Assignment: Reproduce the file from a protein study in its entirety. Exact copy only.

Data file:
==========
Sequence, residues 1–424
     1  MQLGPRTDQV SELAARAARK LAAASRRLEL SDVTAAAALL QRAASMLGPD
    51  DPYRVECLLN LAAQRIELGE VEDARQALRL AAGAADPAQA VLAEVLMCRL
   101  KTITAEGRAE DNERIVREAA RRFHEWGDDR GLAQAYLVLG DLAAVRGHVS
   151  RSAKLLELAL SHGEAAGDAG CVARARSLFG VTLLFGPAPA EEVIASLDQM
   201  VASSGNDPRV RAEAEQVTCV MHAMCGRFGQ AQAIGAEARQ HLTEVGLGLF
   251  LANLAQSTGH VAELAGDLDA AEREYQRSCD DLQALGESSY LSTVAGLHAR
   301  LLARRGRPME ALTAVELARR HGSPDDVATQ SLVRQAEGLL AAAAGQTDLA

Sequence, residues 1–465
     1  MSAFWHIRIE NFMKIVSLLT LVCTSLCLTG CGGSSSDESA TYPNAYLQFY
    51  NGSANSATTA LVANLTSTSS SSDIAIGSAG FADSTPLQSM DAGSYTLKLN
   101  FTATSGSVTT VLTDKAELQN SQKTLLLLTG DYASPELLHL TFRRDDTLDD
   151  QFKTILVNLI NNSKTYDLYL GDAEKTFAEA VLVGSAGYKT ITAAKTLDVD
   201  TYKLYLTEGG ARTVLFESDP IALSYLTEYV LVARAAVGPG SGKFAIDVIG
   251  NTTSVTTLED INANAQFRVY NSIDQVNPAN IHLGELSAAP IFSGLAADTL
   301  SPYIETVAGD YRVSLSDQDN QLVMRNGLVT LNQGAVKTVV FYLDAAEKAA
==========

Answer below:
Sequence, residues 1–424
     1  MQLGPRTDQV SELAARAARK LAAASRRLEL SDVTAAAALL QRAASMLGPD
    51  DPYRVECLLN LAAQRIELGE VEDARQALRL AAGAADPAQA VLAEVLMCRL
   101  KTITAEGRAE DNERIVREAA RRFHEWGDDR GLAQAYLVLG DLAAVRGHVS
   151  RSAKLLELAL SHGEAAGDAG CVARARSLFG VTLLFGPAPA EEVIASLDQM
   201  VASSGNDPRV RAEAEQVTCV MHAMCGRFGQ AQAIGAEARQ HLTEVGLGLF
   251  LANLAQSTGH VAELAGDLDA AEREYQRSCD DLQALGESSY LSTVAGLHAR
   301  LLARRGRPME ALTAVELARR HGSPDDVATQ SLVRQAEGLL AAAAGQTDLA

Sequence, residues 1–465
     1  MSAFWHIRIE NFMKIVSLLT LVCTSLCLTG CGGSSSDESA TYPNAYLQFY
    51  NGSANSATTA LVANLTSTSS SSDIAIGSAG FADSTPLQSM DAGSYTLKLN
   101  FTATSGSVTT VLTDKAELQN SQKTLLLLTG DYASPELLHL TFRRDDTLDD
   151  QFKTILVNLI NNSKTYDLYL GDAEKTFAEA VLVGSAGYKT ITAAKTLDVD
   201  TYKLYLTEGG ARTVLFESDP IALSYLTEYV LVARAAVGPG SGKFAIDVIG
   251  NTTSVTTLED INANAQFRVY NSIDQVNPAN IHLGELSAAP IFSGLAADTL
   301  SPYIETVAGD YRVSLSDQDN QLVMRNGLVT LNQGAVKTVV FYLDAAEKAA